This article was corrected on Apr. 21, 2003.
TOKYO — Japanese major Toho-Towa’s decisions to end its output deals with Revolution Studios and Spyglass Entertainment may signal the demise of such arrangements in Japan’s high-risk market.
It’s clear Toho-Towa took a hit from Revolution titles such as “American Sweethearts” and “Black Hawk Down” (it had theatrical and TV rights, Pony Canyon had video) and has opted not to be shackled to such pacts.
“Output deals don’t make sense because there’s so much U.S. product which doesn’t work in Japan,” says Rolf Mittweg, New Line president of worldwide marketing and distribution. Mittweg, whose company uses several distribs, points to U.S. comedies as being especially problematic in Japan.
Spyglass co-chairman Gary Barber opines, “The Japanese market is very tough; it’s very rewarding and very risky.” Barber says it was a mutual decision not to renew the Toho-Towa deal, which began when Spyglass launched. Pony Canyon continues as its video distrib, and Spyglass handles TV sales.
UIP will release Spyglass’ “Seabiscuit” and “Bruce Almighty” theatrically in Japan, and Barber says he’s talking to other majors as well as Japanese companies on upcoming films that fall outside Spyglass’ new deal with DreamWorks, which includes Japan.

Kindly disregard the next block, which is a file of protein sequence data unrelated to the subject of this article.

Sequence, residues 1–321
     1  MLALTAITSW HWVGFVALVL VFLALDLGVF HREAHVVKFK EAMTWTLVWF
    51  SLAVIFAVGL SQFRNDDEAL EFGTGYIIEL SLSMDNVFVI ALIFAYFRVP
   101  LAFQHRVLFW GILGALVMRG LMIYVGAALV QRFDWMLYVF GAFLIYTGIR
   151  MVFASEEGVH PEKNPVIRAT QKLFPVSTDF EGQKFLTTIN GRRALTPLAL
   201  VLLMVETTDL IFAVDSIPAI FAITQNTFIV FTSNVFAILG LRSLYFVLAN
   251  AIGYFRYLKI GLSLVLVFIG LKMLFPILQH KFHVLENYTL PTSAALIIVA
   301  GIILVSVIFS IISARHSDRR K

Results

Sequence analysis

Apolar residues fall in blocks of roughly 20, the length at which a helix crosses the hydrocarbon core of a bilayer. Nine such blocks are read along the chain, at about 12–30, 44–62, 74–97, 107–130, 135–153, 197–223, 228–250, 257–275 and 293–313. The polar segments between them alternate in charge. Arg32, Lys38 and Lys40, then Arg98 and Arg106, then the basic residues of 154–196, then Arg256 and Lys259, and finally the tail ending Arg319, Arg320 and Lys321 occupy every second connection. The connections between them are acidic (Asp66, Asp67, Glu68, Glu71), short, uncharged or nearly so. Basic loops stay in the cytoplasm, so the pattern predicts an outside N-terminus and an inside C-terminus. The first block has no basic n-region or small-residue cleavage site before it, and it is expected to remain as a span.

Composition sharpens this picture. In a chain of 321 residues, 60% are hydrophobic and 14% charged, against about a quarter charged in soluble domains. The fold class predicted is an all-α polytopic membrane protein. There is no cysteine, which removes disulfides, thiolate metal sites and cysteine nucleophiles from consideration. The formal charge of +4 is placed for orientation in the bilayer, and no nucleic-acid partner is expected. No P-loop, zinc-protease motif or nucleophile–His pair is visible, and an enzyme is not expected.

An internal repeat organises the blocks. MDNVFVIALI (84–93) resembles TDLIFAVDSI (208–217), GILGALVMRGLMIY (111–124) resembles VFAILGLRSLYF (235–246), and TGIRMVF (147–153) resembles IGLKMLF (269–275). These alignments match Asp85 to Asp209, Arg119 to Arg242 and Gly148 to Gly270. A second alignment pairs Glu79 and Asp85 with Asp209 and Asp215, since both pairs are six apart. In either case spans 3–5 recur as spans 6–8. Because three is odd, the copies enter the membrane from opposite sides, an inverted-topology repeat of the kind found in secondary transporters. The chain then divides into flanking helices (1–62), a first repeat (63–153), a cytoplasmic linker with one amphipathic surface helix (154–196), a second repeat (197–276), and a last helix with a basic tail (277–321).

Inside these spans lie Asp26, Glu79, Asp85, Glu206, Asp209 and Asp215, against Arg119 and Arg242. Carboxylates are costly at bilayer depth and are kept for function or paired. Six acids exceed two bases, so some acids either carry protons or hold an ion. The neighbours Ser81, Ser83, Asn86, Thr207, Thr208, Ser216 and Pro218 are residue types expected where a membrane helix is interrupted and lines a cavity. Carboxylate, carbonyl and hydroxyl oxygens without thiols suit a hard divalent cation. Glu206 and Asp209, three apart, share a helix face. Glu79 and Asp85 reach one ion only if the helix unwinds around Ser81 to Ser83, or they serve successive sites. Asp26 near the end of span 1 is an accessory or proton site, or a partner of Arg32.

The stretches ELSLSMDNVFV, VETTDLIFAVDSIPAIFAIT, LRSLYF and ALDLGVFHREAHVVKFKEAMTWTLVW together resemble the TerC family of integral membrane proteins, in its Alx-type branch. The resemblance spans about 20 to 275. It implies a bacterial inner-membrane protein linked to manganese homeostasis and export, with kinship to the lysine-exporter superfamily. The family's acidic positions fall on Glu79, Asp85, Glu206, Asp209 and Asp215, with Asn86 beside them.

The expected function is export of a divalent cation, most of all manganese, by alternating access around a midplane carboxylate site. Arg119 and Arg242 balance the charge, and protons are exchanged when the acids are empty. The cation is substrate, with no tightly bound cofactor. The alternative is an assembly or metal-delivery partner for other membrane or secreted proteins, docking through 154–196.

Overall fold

Toho-Towa officials declined to be interviewed, and execs at other Japanese distribs did not want to comment on the record. But buyers continue to grumble about the steep minimum guarantees being demanded by U.S. producers and studios, which typically rep 9%-12% of production budgets.
“Of course we always have the option to say ‘no’ (to any film) if we don’t believe in its potential in Japan,” says one buyer. “But the pressure to perform big time has increased at companies which went public recently.”
Gaga Communications and Nippon Herald listed on the stock market in the past two years. Nippon Herald recently announced it expects a consolidated pre-tax loss of ¥62 million ($517,000) for the year ended March 31.
Although it enjoyed strong sales of the first “Lord of the Rings” (jointly distributed with Shochiku), its rights payments to Hollywood increased accordingly. Late last year “K-19: The Widowmaker” and to a lesser extent “Gangs of New York” (the latter also with Shochiku) were B.O. disappointments for Nippon Herald.
Another Tokyo exec says the budget-percentage yardstick can be misleading, noting: “What really matters are stars, the screenplay and then directors, and how those play in the Japanese market. Thus (minimum guarantees) can vary between $4 million and $20 million for films with much less difference in their production costs.” Adding to the risks, ad-pub costs for big films can go as high as $15 million to $20 million.
In place of its Toho-Towa deal, Revolution has sold Japanese theatrical and TV rights for six films to Universal Pictures and three to BVI; Sony has video.
One U.S. seller sees a positive in Toho-Towa’s apparent switch in buying strategy. “We hope Toho-Towa will be more open to one- or two-picture deals now that their acquisition appetite is not taken up by output deals,” says Robert Hayward, a partner at Summit Entertainment.
“If you have the right project, Japanese buyers will move quickly,” adds Hayward, whose banner has dealt “Racing Stripes” to Shochiku, “Around the World in 80 Days” to Nippon Herald and “Sahara” to Gaga.
The bottom line, one Japanese buyer admits ruefully, is that “we can complain as much as we want (about high minimum guarantees). Fact is, we need blockbusters, and Hollywood knows that.”